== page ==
YAMAHA TRACER 700 GROUP TEST AFFORDABLE ADVENTURE
These bikes prove that you don’t need to spend big cash on a pukka tourer, but is Yamaha’s £6299 Tracer 700 ready to go the distance?
MCN Senior Tester Age 46 Height 6ft CV Rode the Versys 650 at its launch in Sicily in 2014.
MCN Road Tester Age 35 Height 5ft 7in CV Rode the Tracer 700 at its launch in the Dolomites last month.
MCN Road Tester Age 50 Height 5ft 6in CV Ultra-experienced road tester and racer.
MCN Office Manager Age 46 Height 5ft 10in CV Riding for 12 years. Has owned an ER-6N and Street Triple.
MCN Online Editor Age 29 Height 5ft 3in CV 125cc newbie. Ridden pillion with dad for seven years.
Yamaha’s new Tracer 700 is all set to be another box-office smash. It has the youthful, beating heart of the utterly brilliant MT-07, handsome looks, a lightweight chassis and a price tag of just £6299. What’s not to like?
The Japanese firm started their current MT project in 2014 with the threecylinder MT-09. It was an instant sales success and revived Yamaha’s, up to then, fading fortunes. The adventure sport styled Tracer version that arrived last year was even more popular and few bikes offer such an enviable blend of performance, practicality and fun, for so little cash.
And now Yamaha have given the MT-07 the Tracer makeover. Starting with the bubbly MT-07 roadster they’ve added a snazzy half fairing with a manually adjustable screen, knuckle guards, and higher bars which are set further back towards the rider for comfort. Chunky rubber-topped pegs are in the same place but the seat is 30mm higher so there’s more legroom, and a new longer swingarm adds 50mm to the wheelbase for stability. Fuel tank capacity is up from 14 to 17 litres and, returning 50mpg during our test, gives a theoretical range of 186 miles.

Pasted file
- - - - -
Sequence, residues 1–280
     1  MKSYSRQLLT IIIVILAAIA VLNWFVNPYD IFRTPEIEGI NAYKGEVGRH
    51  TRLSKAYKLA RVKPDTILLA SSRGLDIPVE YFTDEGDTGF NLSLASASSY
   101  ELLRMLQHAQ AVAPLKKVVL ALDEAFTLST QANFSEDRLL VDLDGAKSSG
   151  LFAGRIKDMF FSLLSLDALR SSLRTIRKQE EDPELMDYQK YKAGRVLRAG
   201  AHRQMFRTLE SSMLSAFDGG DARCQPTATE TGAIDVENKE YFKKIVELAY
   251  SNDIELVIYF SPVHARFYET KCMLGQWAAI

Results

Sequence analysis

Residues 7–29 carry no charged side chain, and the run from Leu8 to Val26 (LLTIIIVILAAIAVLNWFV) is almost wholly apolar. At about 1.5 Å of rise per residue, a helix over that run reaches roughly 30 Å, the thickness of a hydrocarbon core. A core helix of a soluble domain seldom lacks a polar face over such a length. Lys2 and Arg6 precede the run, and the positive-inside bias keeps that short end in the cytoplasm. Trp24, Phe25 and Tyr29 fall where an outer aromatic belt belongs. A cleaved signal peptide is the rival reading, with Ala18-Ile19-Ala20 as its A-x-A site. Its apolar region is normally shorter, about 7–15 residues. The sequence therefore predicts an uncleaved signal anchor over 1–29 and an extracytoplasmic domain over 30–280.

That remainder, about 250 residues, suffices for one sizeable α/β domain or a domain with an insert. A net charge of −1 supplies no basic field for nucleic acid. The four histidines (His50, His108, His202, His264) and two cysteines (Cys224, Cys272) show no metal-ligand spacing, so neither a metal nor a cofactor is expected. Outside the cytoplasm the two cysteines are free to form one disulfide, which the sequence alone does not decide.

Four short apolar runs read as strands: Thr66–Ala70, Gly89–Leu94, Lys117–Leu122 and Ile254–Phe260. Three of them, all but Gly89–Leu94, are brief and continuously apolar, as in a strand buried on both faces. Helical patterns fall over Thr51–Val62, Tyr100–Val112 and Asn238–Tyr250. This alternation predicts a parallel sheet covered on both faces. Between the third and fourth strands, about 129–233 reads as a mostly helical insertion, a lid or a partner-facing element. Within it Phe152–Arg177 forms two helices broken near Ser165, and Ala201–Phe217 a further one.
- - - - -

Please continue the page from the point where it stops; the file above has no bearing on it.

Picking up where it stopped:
It’s powered by a Euro4-compliant version of the MT-07’S 74bhp, 689cc parallel-twin engine.
You don’t get much in the way of goodies for the price – there’s no centrestand or remote rear preload adjuster, but Yamaha offers lots of other touring accessories, from luggage to comfort seats (see page 24). If you can get a test ride from your local dealer you’ll be impressed and if you’re in the market for an affordable, mid-capacity, adventure-styled sports tourer you’ll probably end up riding home on it. The Tracer 700 is nicely made, well finished, comfy, roomy and the small adjustable screen offers decent protection from the elements.
The motor is punchy and smooth, especially on the overrun. Like most parallel-twins, the engine gives you
‘You don’t get much in the way of goodies, but Yamaha offer lots of accessories’
a serene, freewheeling feeling, like you’re coasting on an electric bike. Unlike the bigger ride-by-wire MTS, the Tracer 700’s cable-actuated throttle is super smooth with no jerkiness at low speed. Clutch, gearbox and throttle are all light and simple to master, too.
Handing is solid and predictable, and the standard Michelin Pilot Road 4 sports touring tyres warm up quickly and offer instant confidence in today’s summer temperatures.
However, being longer and weighing 14kg more than the MT-07, the Tracer 700 doesn’t reach the bar set by Yamaha’s feisty naked. It’s lost some of the MT-07’S X-factor, there’s no playful punch or zesty zing.